The Harris Hill Firemen's Club was established in 1951. It was a restaurant that served dinners at the fire hall Wednesday through Saturday evenings and featured dancing on Saturday nights. All monies beyond expenses were turned over to the Fire Company. At its peak, the Firemen's Club had 851 members! The Club was discontinued in 1967 because it couldn't compete with commercial restaurants.
Volunteer Firemen's Sunday, was initiated in our area by Firefighter Walter Pfeil in 1959. Mr. Pfeil wrote a column for the Clarence Press entitled, "Safety and Fire Facts." He also encouraged the Fire Company to offer a creative writing award to high school students, which was posthumously named after him and is still awarded today.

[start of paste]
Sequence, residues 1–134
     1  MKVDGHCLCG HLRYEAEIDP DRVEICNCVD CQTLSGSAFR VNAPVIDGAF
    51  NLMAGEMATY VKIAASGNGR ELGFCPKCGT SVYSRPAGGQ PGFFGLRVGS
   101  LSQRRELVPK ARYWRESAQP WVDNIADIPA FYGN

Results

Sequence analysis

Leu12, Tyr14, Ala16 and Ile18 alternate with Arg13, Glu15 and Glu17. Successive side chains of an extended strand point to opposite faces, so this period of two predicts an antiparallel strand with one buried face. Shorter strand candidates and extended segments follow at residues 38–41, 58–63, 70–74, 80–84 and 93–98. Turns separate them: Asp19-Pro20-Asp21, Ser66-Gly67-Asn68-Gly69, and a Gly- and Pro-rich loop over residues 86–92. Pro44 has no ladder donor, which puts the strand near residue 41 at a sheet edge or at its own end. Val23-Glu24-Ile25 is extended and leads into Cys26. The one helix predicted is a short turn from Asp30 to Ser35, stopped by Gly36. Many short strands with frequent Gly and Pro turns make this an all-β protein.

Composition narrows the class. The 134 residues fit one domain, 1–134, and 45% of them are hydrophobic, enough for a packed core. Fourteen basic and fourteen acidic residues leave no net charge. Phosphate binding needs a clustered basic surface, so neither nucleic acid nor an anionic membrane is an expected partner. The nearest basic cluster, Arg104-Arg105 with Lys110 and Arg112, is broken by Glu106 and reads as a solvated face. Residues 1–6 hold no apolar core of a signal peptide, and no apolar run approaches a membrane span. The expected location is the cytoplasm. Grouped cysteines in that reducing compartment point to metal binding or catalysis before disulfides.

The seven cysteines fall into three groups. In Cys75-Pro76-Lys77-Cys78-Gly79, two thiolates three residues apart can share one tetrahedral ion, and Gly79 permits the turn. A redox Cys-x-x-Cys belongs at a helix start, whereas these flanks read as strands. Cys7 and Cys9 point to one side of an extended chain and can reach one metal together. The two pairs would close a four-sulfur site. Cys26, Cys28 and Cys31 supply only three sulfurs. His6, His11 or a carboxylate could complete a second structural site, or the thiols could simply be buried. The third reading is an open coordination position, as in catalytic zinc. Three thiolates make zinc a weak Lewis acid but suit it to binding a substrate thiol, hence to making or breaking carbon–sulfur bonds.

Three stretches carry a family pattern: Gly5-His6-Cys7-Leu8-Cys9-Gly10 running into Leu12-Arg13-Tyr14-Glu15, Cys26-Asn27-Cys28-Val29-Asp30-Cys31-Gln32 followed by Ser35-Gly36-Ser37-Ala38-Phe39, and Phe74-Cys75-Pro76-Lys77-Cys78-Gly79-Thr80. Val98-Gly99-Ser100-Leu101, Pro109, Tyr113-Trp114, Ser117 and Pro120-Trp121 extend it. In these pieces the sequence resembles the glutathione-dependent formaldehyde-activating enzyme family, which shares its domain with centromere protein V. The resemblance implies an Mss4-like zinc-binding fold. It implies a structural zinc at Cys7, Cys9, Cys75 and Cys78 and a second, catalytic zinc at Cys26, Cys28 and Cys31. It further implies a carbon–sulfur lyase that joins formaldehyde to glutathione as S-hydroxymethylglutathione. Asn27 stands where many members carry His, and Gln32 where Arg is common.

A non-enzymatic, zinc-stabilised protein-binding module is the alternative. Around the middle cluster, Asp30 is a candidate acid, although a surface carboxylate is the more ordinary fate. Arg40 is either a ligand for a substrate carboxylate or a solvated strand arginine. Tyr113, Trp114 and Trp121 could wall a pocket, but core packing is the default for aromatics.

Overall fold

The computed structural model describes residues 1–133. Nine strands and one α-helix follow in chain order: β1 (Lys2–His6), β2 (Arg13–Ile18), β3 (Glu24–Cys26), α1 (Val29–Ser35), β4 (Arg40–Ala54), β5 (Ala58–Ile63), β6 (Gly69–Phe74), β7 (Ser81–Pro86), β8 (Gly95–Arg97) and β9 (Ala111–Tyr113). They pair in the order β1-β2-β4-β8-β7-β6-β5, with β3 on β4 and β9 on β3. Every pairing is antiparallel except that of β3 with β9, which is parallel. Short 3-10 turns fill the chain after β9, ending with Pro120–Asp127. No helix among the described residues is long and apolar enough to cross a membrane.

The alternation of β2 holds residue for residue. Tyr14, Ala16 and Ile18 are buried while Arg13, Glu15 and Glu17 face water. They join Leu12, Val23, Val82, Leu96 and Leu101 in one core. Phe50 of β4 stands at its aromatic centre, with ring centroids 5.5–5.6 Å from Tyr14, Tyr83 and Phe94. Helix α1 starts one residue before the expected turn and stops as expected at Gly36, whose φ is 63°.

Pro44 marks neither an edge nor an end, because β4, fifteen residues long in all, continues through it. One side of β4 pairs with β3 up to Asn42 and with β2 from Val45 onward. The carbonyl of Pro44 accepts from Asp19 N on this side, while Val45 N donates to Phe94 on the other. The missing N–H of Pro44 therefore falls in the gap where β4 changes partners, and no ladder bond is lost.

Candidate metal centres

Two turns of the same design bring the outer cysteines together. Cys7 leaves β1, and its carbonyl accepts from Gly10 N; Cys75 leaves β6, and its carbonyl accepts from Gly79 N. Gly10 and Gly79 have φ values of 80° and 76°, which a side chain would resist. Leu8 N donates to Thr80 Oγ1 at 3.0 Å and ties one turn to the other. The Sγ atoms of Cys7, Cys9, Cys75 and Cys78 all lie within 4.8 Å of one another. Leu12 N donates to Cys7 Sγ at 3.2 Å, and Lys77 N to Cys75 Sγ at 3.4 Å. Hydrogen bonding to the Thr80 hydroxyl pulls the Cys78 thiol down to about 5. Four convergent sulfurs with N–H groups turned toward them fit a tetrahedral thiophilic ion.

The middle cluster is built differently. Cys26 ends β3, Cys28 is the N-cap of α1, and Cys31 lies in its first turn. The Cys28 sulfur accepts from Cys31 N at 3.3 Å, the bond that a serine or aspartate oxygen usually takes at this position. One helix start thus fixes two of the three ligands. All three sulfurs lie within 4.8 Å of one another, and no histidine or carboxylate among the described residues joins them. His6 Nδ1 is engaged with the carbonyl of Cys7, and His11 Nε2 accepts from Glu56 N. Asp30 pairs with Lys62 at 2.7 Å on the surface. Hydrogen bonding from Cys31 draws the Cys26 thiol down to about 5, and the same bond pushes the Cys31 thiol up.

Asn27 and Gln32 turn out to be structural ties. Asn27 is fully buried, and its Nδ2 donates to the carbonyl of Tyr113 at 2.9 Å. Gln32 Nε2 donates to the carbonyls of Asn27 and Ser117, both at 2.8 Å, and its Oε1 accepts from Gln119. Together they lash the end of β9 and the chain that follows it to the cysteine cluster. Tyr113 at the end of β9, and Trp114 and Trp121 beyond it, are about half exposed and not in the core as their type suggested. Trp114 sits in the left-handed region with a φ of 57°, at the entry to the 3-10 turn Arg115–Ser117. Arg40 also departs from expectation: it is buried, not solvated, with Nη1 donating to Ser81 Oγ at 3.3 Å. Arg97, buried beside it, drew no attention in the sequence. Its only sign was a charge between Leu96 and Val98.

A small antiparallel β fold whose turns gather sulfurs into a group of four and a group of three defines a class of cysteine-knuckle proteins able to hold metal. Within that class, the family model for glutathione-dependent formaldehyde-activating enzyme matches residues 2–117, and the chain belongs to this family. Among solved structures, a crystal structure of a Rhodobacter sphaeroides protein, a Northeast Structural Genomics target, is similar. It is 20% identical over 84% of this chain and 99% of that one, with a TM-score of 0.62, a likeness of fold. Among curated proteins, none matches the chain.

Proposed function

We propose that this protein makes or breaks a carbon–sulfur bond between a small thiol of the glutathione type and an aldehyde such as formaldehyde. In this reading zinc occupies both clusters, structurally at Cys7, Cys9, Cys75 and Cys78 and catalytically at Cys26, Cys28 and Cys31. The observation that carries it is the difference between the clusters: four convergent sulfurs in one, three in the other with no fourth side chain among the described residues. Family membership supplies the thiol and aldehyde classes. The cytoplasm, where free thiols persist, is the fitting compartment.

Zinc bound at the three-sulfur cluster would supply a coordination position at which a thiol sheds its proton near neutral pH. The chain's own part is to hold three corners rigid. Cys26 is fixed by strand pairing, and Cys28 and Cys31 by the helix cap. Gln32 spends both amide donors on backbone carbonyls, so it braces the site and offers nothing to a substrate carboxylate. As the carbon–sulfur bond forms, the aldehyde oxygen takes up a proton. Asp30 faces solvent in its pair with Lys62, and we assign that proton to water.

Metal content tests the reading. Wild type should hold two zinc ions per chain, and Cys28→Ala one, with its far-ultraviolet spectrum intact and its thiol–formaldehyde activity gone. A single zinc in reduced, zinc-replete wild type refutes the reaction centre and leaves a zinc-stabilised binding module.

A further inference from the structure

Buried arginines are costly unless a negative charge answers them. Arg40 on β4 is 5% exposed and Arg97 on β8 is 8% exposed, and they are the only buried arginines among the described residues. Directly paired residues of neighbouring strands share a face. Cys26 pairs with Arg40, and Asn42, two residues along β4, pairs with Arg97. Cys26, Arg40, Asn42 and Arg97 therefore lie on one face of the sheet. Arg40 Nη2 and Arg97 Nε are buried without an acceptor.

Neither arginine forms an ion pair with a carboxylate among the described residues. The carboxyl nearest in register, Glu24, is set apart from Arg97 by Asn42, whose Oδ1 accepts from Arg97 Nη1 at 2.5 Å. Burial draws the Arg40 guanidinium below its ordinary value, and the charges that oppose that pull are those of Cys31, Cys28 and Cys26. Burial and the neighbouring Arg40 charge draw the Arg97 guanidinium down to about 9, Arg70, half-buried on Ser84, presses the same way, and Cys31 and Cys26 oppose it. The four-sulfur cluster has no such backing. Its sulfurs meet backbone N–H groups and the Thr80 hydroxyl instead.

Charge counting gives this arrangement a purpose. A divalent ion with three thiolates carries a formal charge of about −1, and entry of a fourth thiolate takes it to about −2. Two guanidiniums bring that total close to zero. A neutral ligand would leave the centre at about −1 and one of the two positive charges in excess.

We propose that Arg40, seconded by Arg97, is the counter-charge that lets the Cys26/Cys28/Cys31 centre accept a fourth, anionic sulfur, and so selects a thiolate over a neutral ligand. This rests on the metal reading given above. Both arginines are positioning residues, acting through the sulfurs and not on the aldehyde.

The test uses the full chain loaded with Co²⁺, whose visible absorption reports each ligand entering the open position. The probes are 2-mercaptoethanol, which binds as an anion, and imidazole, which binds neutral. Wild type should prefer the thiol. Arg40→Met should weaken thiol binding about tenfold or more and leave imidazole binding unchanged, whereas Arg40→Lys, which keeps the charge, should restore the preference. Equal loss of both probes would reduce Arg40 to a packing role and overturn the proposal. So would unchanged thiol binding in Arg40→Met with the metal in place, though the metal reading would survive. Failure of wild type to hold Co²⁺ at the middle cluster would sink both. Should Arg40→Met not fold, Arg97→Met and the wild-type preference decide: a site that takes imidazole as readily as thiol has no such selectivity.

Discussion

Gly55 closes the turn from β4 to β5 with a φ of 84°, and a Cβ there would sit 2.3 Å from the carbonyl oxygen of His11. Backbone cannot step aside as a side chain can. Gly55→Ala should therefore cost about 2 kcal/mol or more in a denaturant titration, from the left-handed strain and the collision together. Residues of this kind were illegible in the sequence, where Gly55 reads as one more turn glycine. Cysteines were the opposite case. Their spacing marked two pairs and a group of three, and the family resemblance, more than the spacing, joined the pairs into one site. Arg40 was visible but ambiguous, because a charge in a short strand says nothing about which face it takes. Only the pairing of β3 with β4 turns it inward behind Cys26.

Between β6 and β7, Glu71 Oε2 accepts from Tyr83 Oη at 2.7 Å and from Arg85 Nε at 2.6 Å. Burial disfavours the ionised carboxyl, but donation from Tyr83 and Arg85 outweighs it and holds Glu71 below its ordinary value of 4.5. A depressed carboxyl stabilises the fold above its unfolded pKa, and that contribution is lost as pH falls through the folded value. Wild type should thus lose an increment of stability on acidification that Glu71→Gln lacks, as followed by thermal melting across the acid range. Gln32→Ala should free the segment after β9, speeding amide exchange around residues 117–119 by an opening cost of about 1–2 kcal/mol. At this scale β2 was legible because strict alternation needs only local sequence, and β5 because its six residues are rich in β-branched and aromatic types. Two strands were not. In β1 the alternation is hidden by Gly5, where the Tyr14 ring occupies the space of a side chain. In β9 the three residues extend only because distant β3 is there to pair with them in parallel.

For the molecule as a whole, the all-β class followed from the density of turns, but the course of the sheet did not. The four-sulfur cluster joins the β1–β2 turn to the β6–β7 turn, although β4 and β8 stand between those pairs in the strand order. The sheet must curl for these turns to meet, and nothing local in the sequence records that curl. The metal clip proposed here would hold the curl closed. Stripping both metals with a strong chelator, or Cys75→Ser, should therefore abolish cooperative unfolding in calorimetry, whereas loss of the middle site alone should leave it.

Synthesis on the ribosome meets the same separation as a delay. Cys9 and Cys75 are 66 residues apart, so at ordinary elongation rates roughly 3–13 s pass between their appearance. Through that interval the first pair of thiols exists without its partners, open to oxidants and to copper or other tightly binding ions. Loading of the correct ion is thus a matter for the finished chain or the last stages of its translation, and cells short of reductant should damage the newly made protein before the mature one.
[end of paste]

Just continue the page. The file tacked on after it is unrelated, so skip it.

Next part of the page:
In the 1960's Harris Hill Firemen resisted moves toward providing ambulance service. During this time, the Junior Chamber of Commerce tried to donate an ambulance, but it was refused. In 1965, after Clarence Center Volunteer Fire Co. complained that 75% of the ambulance calls they received were in the Harris Hill District, a fee was sent to them to encourage their continued service. In June 1965, Harris Hill adopted a resolution to provide ambulance services.
On February 2nd, 1970, Clayt Ertel Sr. introduced the Exempt Firemen's Club, as a service organization for the firemen to promote the welfare of the Harris Hill Volunteer Fire Company.
In 1971, The Eastern Hills mall opened on the western borderline of our district which is Transit Rd. The building boasted a total size of 997,945 square feet and 92 total stores with 7 additional anchor stores.
In 1978, a New York State Human Rights Law against sexual discrimination went into effect. It required a constitutional change which allowed Patricia Grogan to become Harris Hill's first female member.